The auditory faculty of human beings has evolved to include certain constants that create the foundations of our auditory composition (source: Gabriel Axel, U.S. News). Those tiny little bits of sound (syllables, grunts etc.) have been with us for millions of years. And they have helped us to make sense of the world. Just like birds sing to tell each other about the weather, we have used utterances to communicate with one another and to become informed about the world around us.
Sound works through echoes. A ball hits the wall of your house, soundwaves pass around the environment bouncing off of objects until we interpret them. And it’s out of these echoes that our speech was born.
In his book Harnessed: How Language and Music Mimicked Nature and Transformed Ape to Man, neuroscientist Mark Changizi posits that the major phenomes of speech have evolved to resemble the sounds of nature. You can hear this when you speak. Think about certain words, like “crash”, “honk, and “giggle” and you can hear the sound of the event itself in the word. In other words, they are onomatopoetic.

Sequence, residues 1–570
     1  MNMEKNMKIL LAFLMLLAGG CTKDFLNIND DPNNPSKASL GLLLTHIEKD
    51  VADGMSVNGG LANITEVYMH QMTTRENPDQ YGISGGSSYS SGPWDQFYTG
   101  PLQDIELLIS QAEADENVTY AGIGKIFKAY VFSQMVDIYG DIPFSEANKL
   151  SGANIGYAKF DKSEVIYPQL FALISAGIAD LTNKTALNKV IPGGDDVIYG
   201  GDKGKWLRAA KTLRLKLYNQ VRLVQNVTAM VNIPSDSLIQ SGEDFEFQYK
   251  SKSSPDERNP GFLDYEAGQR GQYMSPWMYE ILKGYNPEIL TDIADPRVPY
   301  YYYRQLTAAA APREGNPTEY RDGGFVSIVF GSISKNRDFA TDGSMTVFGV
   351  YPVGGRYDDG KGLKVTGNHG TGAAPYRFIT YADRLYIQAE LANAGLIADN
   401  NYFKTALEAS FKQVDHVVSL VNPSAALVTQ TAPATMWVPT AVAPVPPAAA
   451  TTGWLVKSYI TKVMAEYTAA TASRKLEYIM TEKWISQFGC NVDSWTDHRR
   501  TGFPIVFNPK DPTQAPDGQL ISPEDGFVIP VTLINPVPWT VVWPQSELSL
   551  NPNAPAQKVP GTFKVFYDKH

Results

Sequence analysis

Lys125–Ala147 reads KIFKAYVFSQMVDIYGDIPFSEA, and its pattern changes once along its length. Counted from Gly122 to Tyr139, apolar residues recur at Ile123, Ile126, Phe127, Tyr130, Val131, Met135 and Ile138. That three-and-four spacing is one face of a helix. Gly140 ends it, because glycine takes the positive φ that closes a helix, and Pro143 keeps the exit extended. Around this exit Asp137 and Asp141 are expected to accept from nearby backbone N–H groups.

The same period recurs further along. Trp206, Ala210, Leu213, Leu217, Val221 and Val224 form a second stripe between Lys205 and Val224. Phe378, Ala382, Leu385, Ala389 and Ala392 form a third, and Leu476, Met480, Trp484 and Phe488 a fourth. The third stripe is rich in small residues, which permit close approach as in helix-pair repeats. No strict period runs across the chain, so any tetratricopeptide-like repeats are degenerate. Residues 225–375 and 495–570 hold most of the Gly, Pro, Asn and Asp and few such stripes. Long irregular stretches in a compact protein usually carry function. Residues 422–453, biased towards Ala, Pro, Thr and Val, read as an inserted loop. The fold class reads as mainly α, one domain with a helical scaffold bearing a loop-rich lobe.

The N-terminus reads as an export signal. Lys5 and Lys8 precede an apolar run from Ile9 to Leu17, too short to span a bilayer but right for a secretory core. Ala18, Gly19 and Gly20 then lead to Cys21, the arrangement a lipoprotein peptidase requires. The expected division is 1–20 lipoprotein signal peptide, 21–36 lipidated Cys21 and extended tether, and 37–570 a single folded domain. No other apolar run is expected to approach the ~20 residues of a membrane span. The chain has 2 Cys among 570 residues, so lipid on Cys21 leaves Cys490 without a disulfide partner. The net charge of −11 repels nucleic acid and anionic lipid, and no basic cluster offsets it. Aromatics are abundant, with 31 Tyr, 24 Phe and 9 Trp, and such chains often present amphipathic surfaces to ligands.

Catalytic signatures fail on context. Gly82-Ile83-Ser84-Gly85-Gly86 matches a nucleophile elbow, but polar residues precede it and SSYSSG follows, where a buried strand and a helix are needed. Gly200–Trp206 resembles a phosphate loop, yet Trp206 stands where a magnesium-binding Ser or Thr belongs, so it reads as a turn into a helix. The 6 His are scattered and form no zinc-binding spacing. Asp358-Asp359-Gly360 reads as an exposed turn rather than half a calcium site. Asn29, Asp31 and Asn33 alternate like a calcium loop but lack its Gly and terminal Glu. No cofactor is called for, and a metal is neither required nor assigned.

Some languages are more onomatopoetic than others. Sanskrit, which happens to be the language that most mantras come from, is a very onomatopoetic language. Most classic mantras come from Sanskrit, so they too are very onomatopoetic. Therefore, when we use mantras we actually hear echoes of nature.
The Science Of Mantras
A fascinating fact about sounds is that the sounds themselves reverberate in the mind and body. So when you speak you are actually creating physical events in the body and mind.
So, if mantras are based on the sounds of nature, and when we create vocal sounds we produce physical events in the body, then logically when we recite a mantra we create a physical event that is an echo of nature in the mind and body.
The third aspect of mantras is that we meditate on them. This puts our consciousness inside the mantra, or to put it another way, it puts consciousness inside the echo of nature.
Put all that together, and you realise that when you recite a mantra you create a physical echo of nature in the body and mind. You then place your consciousness inside that echo of nature by meditating. Your entire being is now being affected by the mantra. And that is where the power of mantras comes from.